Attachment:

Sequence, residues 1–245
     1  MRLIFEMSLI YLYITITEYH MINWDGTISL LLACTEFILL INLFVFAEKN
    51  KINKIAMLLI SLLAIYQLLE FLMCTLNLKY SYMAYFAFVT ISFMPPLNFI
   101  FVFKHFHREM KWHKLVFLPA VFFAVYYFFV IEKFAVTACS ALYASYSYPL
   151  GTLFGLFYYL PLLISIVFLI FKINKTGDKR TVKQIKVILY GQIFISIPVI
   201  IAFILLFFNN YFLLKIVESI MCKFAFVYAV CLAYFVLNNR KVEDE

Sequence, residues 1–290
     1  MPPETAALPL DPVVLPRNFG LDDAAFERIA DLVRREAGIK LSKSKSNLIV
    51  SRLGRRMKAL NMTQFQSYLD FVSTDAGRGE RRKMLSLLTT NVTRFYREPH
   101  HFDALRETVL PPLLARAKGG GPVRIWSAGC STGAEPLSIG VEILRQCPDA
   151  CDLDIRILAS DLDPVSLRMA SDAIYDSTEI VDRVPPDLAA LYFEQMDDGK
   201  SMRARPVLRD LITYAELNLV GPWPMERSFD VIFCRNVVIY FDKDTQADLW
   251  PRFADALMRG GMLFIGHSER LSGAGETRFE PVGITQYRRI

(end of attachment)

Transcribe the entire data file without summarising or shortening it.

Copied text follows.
Sequence, residues 1–245
     1  MRLIFEMSLI YLYITITEYH MINWDGTISL LLACTEFILL INLFVFAEKN
    51  KINKIAMLLI SLLAIYQLLE FLMCTLNLKY SYMAYFAFVT ISFMPPLNFI
   101  FVFKHFHREM KWHKLVFLPA VFFAVYYFFV IEKFAVTACS ALYASYSYPL
   151  GTLFGLFYYL PLLISIVFLI FKINKTGDKR TVKQIKVILY GQIFISIPVI
   201  IAFILLFFNN YFLLKIVESI MCKFAFVYAV CLAYFVLNNR KVEDE

Sequence, residues 1–290
     1  MPPETAALPL DPVVLPRNFG LDDAAFERIA DLVRREAGIK LSKSKSNLIV
    51  SRLGRRMKAL NMTQFQSYLD FVSTDAGRGE RRKMLSLLTT NVTRFYREPH
   101  HFDALRETVL PPLLARAKGG GPVRIWSAGC STGAEPLSIG VEILRQCPDA
   151  CDLDIRILAS DLDPVSLRMA SDAIYDSTEI VDRVPPDLAA LYFEQMDDGK
   201  SMRARPVLRD LITYAELNLV GPWPMERSFD VIFCRNVVIY FDKDTQADLW
   251  PRFADALMRG GMLFIGHSER LSGAGETRFE PVGITQYRRI